Some Issues Response-Adaptive Designs for Dose-finding Experiments
Seminar Room 1, Newton Institute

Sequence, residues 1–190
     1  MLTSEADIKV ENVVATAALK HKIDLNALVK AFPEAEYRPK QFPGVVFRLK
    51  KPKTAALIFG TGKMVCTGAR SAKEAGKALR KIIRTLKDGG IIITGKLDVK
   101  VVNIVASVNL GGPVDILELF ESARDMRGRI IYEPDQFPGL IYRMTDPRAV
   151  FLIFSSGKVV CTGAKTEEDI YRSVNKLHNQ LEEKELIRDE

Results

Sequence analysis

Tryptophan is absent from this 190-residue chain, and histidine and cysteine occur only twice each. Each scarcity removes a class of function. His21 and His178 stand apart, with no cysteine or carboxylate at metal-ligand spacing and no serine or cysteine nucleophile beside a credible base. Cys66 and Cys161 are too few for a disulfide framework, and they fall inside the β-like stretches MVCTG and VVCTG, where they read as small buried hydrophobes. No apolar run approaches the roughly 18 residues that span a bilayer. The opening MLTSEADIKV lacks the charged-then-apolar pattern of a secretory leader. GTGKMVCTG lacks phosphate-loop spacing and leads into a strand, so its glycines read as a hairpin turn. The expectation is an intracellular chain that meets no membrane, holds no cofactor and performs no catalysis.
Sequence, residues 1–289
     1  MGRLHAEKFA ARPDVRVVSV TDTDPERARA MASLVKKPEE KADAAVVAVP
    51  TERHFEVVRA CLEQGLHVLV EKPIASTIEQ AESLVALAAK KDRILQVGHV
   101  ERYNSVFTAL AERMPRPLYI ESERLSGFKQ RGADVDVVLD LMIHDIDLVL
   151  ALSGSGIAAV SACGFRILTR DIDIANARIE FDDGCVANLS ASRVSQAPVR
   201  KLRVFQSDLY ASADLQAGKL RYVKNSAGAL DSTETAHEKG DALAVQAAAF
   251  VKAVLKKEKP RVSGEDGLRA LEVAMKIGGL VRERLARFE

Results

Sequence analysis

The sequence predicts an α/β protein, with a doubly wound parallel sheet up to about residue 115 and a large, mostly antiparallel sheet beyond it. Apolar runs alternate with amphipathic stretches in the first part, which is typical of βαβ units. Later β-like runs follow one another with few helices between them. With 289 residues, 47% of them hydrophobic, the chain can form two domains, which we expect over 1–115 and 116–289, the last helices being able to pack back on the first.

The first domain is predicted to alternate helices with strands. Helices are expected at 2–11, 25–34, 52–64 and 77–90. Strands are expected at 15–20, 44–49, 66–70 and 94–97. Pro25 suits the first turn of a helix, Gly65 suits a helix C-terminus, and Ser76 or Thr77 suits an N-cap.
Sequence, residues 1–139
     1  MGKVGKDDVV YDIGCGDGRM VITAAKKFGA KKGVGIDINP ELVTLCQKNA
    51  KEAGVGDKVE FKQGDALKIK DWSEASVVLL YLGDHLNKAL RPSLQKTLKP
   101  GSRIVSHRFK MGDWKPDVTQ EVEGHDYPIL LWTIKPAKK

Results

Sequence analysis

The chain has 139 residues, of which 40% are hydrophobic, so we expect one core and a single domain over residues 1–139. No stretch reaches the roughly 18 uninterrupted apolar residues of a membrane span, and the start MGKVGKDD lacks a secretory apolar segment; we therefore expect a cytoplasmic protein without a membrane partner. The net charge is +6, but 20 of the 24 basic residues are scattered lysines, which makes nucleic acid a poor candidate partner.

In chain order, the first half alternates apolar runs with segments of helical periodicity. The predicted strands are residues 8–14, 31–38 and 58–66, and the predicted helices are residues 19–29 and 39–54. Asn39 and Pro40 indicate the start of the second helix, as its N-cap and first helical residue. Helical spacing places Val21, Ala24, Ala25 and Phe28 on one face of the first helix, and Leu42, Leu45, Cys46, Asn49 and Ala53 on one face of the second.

We discuss some of the many issues involved in selecting an adaptive design. Included in these considerations are choices to go with frequentist or Bayesian, parametric or nonparametric procedures. There is great appeal in using all the information gained to date, but in many settings, two or three stage designs have been shown to perform almost as well as fully adaptive ones. Furthermore, with many procedures, an unfortunate string of early responses can have strong undesirable effects on estimates. These consequences can be mitigated by using a short term memory procedure rather than a long term memory procedure. When interest is in the MTD, placing subjects around the MTD is symbiotic with efficiently estimating the MTD; this is not so when interest is in finding a dose that is efficacious without toxicity. The compromise between designing to optimize for ethical treatment versus optimizing for efficiency in estimating best dose should be given serious attention in practice; although it has been stated that adaptive designs let one do both, this simply is not the case. Finally, we briefly consider issues related to stopping for toxicity and lack of efficacy, sample size recalculation and dropping or adding treatments. How flexible should a clinical trial be? Are analysts prepared for the negative impact such flexibility has on estimates of effect size?